What should my design cuts represent? It is always hard to try to come up with a design idea within a short period of time. In my opinion, ideas mostly pop up into your head or visit you in your dreams, although some brainstorming can help develop ideas and concepts. In this case, the concept is already there, therefore the next question is what should the design cuts represent or look like? an image, drawing, illustration?  Soon after, I decided to use words that describe this situation and the circumstances that created or lead to it. I thought of words like displacement, confinement, Inaccessibility and so on. Then I thought, I do not want to be too literal, and right away, I thought about names of Palestinian cities of historical Palestine prior to occupation. In the aftermath of 1948, over 500 Palestinian villages were destroyed and wiped off the map. Initially, I thought to include all of the names of the cities and villages. However, due to the miniature size of my object, I decided to only do the big major cities and districts, while keeping in mind the detailed aspect for a future monumental version of the project.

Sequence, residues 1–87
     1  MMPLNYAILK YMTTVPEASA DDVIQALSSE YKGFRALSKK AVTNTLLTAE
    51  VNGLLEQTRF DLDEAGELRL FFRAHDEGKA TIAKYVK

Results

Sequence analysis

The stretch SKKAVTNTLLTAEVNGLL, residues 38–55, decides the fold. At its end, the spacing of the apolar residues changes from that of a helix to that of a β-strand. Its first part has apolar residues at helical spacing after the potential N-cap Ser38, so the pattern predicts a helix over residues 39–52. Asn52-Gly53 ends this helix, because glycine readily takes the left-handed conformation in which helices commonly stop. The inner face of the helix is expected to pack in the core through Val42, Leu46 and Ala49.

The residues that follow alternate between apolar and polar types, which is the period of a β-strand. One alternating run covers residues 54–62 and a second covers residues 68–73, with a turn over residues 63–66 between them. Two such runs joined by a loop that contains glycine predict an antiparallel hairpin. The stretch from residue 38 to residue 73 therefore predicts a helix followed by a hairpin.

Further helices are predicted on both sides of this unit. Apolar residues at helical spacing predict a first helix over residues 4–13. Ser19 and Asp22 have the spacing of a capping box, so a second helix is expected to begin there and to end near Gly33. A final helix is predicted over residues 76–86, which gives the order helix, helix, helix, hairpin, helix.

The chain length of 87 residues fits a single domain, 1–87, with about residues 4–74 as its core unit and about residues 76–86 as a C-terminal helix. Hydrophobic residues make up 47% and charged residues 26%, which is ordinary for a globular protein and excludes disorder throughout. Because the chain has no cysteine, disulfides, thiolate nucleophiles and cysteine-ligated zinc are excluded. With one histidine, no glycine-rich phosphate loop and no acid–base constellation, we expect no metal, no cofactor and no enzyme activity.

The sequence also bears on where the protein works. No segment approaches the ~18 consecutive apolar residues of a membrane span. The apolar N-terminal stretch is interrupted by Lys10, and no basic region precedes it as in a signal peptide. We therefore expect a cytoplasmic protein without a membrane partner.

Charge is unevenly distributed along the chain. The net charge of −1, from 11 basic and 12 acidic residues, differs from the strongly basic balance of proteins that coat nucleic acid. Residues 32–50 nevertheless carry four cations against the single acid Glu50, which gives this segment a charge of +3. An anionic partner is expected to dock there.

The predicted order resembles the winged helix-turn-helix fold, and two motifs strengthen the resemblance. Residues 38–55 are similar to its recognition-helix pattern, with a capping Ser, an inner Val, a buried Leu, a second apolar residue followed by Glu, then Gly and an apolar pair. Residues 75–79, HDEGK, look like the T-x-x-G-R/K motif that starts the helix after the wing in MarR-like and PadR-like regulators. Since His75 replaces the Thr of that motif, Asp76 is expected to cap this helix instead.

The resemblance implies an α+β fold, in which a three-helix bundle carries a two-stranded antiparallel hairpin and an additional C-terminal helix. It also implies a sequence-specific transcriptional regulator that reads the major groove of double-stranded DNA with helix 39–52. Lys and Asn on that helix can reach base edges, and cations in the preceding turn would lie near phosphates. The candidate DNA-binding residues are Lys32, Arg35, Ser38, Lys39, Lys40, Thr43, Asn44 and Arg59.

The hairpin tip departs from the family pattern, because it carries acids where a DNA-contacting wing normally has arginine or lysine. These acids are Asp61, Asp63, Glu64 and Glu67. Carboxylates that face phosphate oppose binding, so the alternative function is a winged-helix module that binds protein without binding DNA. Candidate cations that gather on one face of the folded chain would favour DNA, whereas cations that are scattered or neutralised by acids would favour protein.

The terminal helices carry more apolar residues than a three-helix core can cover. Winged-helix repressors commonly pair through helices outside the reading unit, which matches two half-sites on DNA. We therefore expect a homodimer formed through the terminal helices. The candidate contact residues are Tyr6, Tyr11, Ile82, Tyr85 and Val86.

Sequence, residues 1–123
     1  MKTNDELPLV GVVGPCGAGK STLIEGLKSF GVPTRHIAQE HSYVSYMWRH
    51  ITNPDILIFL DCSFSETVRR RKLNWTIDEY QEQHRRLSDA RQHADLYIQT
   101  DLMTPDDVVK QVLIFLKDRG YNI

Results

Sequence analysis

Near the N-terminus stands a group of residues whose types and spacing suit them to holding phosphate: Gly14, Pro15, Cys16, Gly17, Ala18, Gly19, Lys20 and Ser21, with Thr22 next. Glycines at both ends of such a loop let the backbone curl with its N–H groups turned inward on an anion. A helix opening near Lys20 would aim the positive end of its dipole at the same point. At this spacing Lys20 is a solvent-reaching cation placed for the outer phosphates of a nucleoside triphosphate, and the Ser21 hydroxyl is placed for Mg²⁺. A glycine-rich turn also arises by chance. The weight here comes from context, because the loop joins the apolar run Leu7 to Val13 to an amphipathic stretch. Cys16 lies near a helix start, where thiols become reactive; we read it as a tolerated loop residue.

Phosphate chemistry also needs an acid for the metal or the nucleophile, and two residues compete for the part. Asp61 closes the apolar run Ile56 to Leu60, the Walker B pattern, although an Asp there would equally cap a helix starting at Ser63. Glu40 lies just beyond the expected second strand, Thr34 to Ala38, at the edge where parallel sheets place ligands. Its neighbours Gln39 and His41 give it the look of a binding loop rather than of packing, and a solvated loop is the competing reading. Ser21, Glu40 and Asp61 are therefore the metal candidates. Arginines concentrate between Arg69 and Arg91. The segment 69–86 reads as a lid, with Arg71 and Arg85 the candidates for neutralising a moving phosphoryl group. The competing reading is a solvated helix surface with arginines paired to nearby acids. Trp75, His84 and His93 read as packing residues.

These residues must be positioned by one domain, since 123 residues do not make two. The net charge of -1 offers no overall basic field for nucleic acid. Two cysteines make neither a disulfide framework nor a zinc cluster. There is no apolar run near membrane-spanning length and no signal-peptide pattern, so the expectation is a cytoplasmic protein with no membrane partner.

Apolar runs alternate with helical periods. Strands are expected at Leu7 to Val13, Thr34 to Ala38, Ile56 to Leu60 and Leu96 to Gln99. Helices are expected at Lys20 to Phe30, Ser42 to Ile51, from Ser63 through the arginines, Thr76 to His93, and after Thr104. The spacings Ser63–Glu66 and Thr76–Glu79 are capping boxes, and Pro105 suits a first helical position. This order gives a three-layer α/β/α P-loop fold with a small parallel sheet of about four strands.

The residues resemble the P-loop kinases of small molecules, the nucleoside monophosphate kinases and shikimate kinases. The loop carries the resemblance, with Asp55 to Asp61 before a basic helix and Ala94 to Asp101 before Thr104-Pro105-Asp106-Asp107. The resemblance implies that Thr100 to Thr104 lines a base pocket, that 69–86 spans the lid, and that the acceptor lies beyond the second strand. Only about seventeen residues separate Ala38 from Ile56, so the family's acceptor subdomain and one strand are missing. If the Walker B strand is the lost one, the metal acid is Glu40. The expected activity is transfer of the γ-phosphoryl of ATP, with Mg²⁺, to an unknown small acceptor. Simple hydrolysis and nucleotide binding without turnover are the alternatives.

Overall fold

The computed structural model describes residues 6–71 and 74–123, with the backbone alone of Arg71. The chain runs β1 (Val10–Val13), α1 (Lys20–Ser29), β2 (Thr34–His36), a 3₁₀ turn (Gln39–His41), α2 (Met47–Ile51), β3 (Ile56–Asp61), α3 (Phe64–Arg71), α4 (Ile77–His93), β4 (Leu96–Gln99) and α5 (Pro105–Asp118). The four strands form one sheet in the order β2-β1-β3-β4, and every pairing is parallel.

Next the decision of the language choice. Shall I use English so the public can understand what my object addresses?  After grappling with some thoughts, I decided to use Arabic text for a number of reasons: first, Arabic is the language of that area; second: Palestinian cities and villages originally had Arabic names with meanings, however, the names of many of those have been altered after the occupation. For example, the original name of Tel Aviv was Tal-Al Rabee’, which means Spring Hill in Arabic; third, I wanted to engage the viewer and make them ask questions. If they are interested and want to know, they can ask about the meaning, and in this way, create a dialogue around the work. Thus, they will relate more to it having experienced questioning and curiosity